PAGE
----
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This New Overwatch 2 Skin Actively Sabotages Your Game

The "Overwatch" community has had more than a few gripes with the sequel. One of gamers' biggest complaints is the series' new monetization system. Gone are the free loot boxes in exchange for a rotating store that lets gamers buy skins outright, similar to how it works in "Fortnite." However, many have complained that the prices for the items are way too high, with one item even being more expensive than its real-life counterpart. Gamers have also argued that the premium currency takes too long to accumulate for free-to-play players.

So far, to the dismay of fans, Blizzard has done nothing to rectify the situation, aside from some Battle Pass changes. Instead, things are getting only worse. With the introduction of the "Overwatch 2 Battle for Olympus event" came a new skin that players are better off not buying. Interestingly it's not the price tag driving gamers away — but the fact that it puts players at a disadvantage when equipped.

New Widowmaker Medusa skin seen as pay-to-lose

As soon as the new Battle for Olympus Event skins got into the hands of gamers, something seemed off. On January 3, Professional "Overwatch 2" player and Widowmaker main Kephrii Tweeted, "the new Medusa skin is so loud it actively punishes you for using it."

Attached to the Tweet was a video of a hiding Widowmaker equipped with the Medusa skin having their location pinpointed by a player following the sounds of the skin's hissing snakes. In another clip, Kephrii showcased that the sounds the snakes make can drown out enemy footsteps. And as "Overwatch" players know, being able to hear footsteps is incredibly important at high levels.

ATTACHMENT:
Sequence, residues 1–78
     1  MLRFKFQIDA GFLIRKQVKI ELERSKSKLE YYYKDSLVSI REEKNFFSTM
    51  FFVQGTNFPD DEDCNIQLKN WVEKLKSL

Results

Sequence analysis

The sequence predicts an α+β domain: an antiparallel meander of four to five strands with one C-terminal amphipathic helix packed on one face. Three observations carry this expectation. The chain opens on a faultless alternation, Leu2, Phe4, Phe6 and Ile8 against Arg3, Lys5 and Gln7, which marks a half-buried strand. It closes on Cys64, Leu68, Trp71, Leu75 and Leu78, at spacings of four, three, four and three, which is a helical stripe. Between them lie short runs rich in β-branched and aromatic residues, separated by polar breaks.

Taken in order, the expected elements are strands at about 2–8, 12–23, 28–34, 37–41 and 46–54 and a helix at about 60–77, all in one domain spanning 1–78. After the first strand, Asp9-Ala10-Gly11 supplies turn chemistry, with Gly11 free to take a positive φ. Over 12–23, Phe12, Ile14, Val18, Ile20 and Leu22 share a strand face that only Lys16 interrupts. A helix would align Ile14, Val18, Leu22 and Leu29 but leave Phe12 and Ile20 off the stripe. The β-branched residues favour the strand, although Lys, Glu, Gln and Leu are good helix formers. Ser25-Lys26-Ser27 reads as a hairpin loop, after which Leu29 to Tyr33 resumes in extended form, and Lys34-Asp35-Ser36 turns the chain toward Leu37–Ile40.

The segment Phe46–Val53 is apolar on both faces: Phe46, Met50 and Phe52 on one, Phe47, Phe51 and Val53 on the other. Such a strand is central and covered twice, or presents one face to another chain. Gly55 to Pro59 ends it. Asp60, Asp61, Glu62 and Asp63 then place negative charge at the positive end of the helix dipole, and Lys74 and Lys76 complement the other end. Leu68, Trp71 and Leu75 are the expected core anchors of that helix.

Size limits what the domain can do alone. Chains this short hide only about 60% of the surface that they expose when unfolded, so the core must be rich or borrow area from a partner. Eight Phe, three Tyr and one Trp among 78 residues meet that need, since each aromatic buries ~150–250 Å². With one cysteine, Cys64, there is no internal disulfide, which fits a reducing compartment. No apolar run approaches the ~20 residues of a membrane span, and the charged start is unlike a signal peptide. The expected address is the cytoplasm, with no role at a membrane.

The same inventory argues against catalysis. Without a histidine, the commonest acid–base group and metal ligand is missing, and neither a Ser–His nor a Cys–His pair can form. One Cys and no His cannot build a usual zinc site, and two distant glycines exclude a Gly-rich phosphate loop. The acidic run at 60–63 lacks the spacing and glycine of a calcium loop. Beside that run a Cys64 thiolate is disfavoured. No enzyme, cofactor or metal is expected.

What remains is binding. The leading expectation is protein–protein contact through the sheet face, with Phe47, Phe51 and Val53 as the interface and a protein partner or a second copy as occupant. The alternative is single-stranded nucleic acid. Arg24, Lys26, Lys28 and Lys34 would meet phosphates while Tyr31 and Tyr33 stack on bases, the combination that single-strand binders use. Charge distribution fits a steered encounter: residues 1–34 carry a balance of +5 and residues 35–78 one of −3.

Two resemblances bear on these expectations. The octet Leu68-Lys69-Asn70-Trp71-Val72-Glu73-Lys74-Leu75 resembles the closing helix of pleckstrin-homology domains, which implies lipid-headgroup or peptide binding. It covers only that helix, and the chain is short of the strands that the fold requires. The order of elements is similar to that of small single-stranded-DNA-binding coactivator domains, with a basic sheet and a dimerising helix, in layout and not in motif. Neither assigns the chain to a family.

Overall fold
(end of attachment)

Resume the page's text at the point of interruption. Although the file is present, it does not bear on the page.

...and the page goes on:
Reactions to the Tweet were mixed. Some argued that the hissing snakes wouldn't be as audible in team fights when ability sounds are going off in unison. The same users also stated that if a player doesn't want to be at a disadvantage, they can just not buy the skin. In contrast, some called it blatant pay-to-lose while criticizing the monetization system.

This isn't the first time a skin has affected competitive gameplay. Recently a "Warzone 2.0" skin flew off digital shelves because it gave players a substantial advantage in matches. "Call of Duty" developers eventually fixed the skin, to the dismay of players. However, Blizzard has not announced if it will be fixing the Medusa skin — or if it agrees with the other fans that the hissing sounds have little impact on gameplay.